Rejected Princesses: Tales of History’s Boldest Heroines, Hellions & Heretics by Jason Porath. ★★★★
Several years ago I stumbled across the blog Rejected Princesses. Jason Porath, a former animator at Dreamworks, one day had a conversation about what women were too out there to ever become a Disney princess movie. The result was Rejected Princesses, a blog full of illustrated entries of women from history and folklore. This book collects twenty entries from the website plus eighty entirely new entries, the vast majority of whom I’d never heard of before.
Slipping: Stories, Essays & Other Writing by Lauren Beukes. ★★★
Lauren Beukes is a white South African journalist and fiction writer, who often uses speculative elements in her stories. Prior to reading Slipping, the only work of her’s I’d read was her novel Zoo City, which had an interesting enough concept that I was willing to try other works by her.
Slipping is a collection of shorts stories, flash fiction, and essays, although the fiction predominates. Most of the stories are set in South Africa, and many involve a science fiction element. Overall, the collection has a dark tone, and I’m not sure I can recall a truly happy story in the bunch.
The Thrilling Adventures of Lovelace and Babbage by Sydney Padua. ★★★★★
The Thrilling Adventures of Lovelace and Babbage is an absolutely delightful graphic novel that contains a wealth of historical information regarding Ada Lovelace, Charles Babbage, and the history of computing while at the same time being relentlessly entertaining.
The book begins with a brief history of Ada Lovelace, Charles Babbage, and their work on the invention of the computer and computer programming. However, both died before any of the machines Babbage planned were ever invented. And so Padua imagines an alternate ending – a world where their Analytical Engine reached completion and adventures ensue.
The Geek Feminist Revolution by Kameron Hurley. ★★★★
The Geek Feminist Revolution is a collection of essays by science fiction and fantasy author Kameron Hurley, who’s written a continually growing number of novels (hint, readGod’s War!) and the Hugo Award winning essay “We Have Always Fought.” While the topic of the collection is nominally the intersection of feminism and SFF pop culture, the collection actually spans a broader array of subjects varying from analysis of media such as Mad Max: Fury Road, to what it takes to be a writer, and to elements of her personal life, such as her near death experience and living with a chronic disease.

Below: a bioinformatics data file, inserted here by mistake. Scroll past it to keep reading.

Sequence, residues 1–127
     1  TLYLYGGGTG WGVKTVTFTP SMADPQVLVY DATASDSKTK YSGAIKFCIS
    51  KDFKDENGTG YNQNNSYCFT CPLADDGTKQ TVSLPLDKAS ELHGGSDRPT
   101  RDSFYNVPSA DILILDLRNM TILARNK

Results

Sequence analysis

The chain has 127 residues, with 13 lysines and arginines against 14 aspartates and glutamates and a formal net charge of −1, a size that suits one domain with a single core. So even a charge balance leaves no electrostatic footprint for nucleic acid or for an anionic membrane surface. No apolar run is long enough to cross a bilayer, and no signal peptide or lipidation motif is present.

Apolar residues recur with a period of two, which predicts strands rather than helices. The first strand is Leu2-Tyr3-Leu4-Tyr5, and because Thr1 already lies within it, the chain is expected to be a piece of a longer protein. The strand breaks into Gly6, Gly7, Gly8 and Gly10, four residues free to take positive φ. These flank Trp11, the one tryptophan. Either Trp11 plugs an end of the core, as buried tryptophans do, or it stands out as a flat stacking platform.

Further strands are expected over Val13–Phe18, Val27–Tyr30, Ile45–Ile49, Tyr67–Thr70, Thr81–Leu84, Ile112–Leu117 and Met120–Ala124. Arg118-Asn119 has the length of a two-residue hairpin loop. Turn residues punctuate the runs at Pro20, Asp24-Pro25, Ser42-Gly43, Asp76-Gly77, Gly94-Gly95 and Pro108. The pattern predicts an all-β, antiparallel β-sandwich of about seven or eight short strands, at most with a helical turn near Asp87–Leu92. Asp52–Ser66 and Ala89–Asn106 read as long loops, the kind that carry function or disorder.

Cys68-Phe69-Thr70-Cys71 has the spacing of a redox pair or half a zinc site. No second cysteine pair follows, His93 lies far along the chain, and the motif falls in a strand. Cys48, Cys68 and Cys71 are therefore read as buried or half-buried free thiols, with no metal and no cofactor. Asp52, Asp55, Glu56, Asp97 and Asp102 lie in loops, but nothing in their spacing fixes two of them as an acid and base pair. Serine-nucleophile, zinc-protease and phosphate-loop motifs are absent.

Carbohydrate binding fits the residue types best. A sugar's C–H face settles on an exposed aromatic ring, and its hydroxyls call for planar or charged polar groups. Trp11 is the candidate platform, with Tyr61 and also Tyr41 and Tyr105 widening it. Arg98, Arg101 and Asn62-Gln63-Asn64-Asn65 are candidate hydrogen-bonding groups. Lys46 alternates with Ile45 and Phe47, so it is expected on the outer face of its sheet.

Many of the essays are adapted blog posts. Since I occasionally read Hurley’s blog, I was already familiar with some of the essays included in the collection, such as “On Internet ‘Bravery'” and “Wives, Warlords, and Refugees: The People Economy of Mad Max“. There were also some new pieces written specifically for the collection, although I couldn’t always identify which these were. Was the Hugo Award mess a new essay? Going in, I was fairly certain going in that I would enjoy Hurley’s collection. I’ve previously enjoyed her essays for her insights as well as the sense of focused anger that comes through almost everything she writes.
If you’re interested in this collection but unsure if you want to commit, I’d suggest reading some of the essays which are posted online to get a feel. “We Have Always Fought” would be a good one to start with.
Fun Home by Alison Bechdel. ★★★★
Fun Home is a memoir told in the form of a graphic novel. When Alison Bechdel was twenty, her father died, four months after Alison came out as a lesbian and shortly thereafter found out that her father had affairs with men.
The Prince of Los Cocuyos by Richard Blanco. ★★★★
Recently I had the chance to attend a reading by Richard Blanco, who was the inaugural poet for President Obama in 2012. He was the first Latino, gay person, and immigrant to ever hold this position. I loved his reading so much, that I immediately rushed off to get two books of his poetry and his memoir on his childhood, The Prince of Los Cocuyos.
Richard Blanco was born in Cuban exiled parents and entered the United States of America when he was only forty-five days old. Most of his childhood was spent in a Cuban neighborhood in Miami, in a house his parents shared with his paternal grandparents.
Funny in Farsi by Firoozeh Dumas. ★★★★
Funny in Farsi is a memoir by a woman who grew up in both Iran and the United States. Her family moved to the United States in 1972, when Firoozeh Dumas was seven years old. Neither she or her mother spoke any English, although her father had some experience with the country from graduate school. After two years, they moved back to Iran, but later returned to the United States. More family members followed until almost all of the family was living in California. Funny in Farsi is a collection of antecedents and stories about Firoozeh Dumas’s life and family.